Clearer rivers[i], cleaner air, more birds and wildlife around us, reduced emissions of global warming gases, rock bottom demand of fossil fuels, quieter surroundings, view of Himalayan mountains from Jalandhar and other places, more flamingoes in Mumbai, reduced road accidents, to name a few. Can we call them collateral Benefits of Covid-19 induced lockdown? It’s true that with the kind of unprecedented sickness, misery and impacts that Covid-19 has brought, with all the attendant Hardships to the poor, the death and the sickness of thousands, it’s difficult to talk about any benefits of this episode. But on this 50th anniversary of Earth Day 2020 on April 22, a lot of people are talking about healing of the earth. (The above photo is a screenshot from official Earth Day 2020 website.)
And there is little doubt that this indirect fall out of man made Covid-19 crisis, this healing of the earth was long overdue. It has in fact brought people closer to the nature. Naturally, question arises, how can we sustain these collateral benefits of this crisis? It will of course demand a lot of doing by each of the earth resident to make it possible to sustain these benefits. Continue reading “Earth Day 2020: Can we sustain the Collateral Benefits of Covid Lockdown?”
(Feature image Source Char Dham Road ProjectL Stairway to heaven or highway to hell by Siddharth Agarwal)
The Char Dham All Weather Road Project has been approved by National Green Tribunal (NGT) on September 26, 2018. The controversial project has evoked several environmental concerns right from the inception stage.
Almost more than one and half year into the unmindful implementation of the project, the risks and fears associated with the project are clearly visible throughout the construction route. In last few months, several independent reports have also raised serious concerns over the haphazard manner in which the project is being executed through sensitive hilly terrain. Continue reading “Char Dham Highway Project: An overview”
The fifth rivers’ review highlights status of Kerala rivers in the year 2017.
Rivers Pollution and Government Actions
Govt mulls severe punishment for agents of water pollution The state government on Feb. 2017 signaled its intentions to zero in on agents of pollution in water resources. The Pollution Control Board and Revenue Department officers swooped down on a private resort in Chinnakkanal, Idukki, for allegedly diverting sewage into a potable water source. Water Resources Minister Mathew T Thomas stated that his department has proposed amendments to the Kerala Irrigation and Water Conservation Act, 2003, to make punishments more severe. He also said that the govt was planning to have harsher measures in place to discourage people from polluting rivers and water bodies.http://www.newindianexpress.com/states/kerala/2017/feb/14/kerala-government-mulls-severe-punishment-for-agents-of-water-pollution-1570357–1.html (The New Indian Express, 14 Feb. 2017)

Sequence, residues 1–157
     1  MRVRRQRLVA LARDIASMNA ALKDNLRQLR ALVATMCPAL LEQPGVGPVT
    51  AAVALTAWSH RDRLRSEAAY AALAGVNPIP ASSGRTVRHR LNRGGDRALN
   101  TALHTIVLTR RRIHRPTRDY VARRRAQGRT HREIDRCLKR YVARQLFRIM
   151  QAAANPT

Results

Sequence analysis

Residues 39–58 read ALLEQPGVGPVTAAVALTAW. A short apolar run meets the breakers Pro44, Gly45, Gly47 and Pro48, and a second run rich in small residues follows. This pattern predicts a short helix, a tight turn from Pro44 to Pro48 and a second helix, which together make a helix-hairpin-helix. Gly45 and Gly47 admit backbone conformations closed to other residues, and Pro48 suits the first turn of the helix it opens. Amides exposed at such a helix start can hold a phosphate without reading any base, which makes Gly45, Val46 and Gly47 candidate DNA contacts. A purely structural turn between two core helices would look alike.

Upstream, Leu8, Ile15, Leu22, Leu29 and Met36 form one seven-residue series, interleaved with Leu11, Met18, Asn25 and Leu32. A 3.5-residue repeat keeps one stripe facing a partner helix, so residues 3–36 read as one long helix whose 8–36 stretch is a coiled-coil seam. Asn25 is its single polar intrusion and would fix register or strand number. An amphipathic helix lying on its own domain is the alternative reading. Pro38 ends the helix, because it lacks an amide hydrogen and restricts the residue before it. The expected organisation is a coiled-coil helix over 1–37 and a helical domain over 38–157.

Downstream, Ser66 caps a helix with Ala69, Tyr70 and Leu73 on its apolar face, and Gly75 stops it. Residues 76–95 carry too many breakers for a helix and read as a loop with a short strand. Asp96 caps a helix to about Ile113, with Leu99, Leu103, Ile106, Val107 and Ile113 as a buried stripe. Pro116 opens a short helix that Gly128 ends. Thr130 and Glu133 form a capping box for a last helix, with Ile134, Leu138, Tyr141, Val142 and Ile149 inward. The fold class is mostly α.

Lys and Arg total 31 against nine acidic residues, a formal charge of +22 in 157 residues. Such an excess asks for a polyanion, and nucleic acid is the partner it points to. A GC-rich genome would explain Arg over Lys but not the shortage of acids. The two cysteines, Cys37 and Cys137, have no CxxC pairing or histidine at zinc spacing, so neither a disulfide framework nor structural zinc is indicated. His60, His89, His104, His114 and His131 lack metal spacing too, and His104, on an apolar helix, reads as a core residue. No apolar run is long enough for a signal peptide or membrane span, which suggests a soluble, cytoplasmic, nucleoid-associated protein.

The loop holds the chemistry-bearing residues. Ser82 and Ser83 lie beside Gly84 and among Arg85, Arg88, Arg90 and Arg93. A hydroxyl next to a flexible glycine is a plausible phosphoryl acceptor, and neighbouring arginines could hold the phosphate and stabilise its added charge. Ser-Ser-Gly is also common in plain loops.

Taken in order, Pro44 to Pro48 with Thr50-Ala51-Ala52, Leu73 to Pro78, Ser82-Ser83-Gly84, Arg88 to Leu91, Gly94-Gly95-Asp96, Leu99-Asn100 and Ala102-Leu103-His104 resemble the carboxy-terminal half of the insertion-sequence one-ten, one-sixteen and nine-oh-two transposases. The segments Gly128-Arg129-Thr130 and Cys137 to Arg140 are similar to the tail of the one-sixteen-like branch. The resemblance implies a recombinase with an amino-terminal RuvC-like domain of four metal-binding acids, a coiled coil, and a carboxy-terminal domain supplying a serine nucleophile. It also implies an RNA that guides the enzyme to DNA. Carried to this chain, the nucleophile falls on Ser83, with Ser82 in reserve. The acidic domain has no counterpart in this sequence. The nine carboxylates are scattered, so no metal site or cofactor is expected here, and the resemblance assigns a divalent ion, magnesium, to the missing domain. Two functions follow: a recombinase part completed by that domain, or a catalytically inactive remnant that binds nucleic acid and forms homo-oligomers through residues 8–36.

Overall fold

The state also planned to enact strong legislation for the conservation of rivers. http://www.newindianexpress.com/cities/thiruvananthapuram/2017/sep/06/state-to-frame-strong-law-for-river-protection-1653026.html(The New Indian Express, 6 Sept. 2017)
Continue reading “Kerala Rivers Review 2017 : Government Efforts Fail To Protect Rivers”
This report discusses a few of the significant issues in the Jhelum and Chenab basin two of the main tributaries of the Indus and provides the readers a snapshot of the issues confronting the water resources development in the basins. On the basis of these factors, the health and status of the Jhelum and Chenab basins is determined using an assessment matrix providing qualitative weights to each of the indicators and influencing factors to arrive at the overall score of the river categorizing a riverscape as healthy, sick and dying.
Continue reading “Jammu and Kashmir Rivers Profile (Jhelum and Chenab Basins)”
The first part of 3-part blog series throws light on impact of dams and hydro projects in upper reaches of the River and the imminent dangers of climate change that have jeopardized the entire eco-system around the Yamuna rivers.
The second part would bring forward the plight of severely polluted and threatened Yamuna tributaries in the mainland of Haryana, Uttar Pradesh (UP), Rajasthan and Madhya Pradesh (MP). The third and concluding part would detail the status of ongoing and planned cleaning and rejuvenation projects launched in 2016.
Continue reading “Yamuna River 2016: Unjustified Dams, Hydro Projects”
Diplomatic and military strategies, by definition, are not decided through public debates. So the jingoism around Indus treaty with Pakistan seems more like an attempt at sending threatening signals. But it will have multiple serious ramifications in any case, so it is worth deliberating about.
The 1960 Indus treaty has allocated rights of development on three eastern tributaries (Sutlej, Beas & Ravi) to India, and we have exhausted that entitlement almost fully. Attempts to use the occasional remaining flow will mean a huge impact in Indian Punjab, which is unlikely to resonate well with the people of Punjab. The treaty gave Pakistan dominant right of development of the three western tributaries (Chenab, Jhelum and Indus), India has limitations about water use (both in terms of quantity and manner of use) in case of the western rivers. India has not yet exhausted the entitlement in this case.
Continue reading “So who will suffer in the Indus water imbroglio?”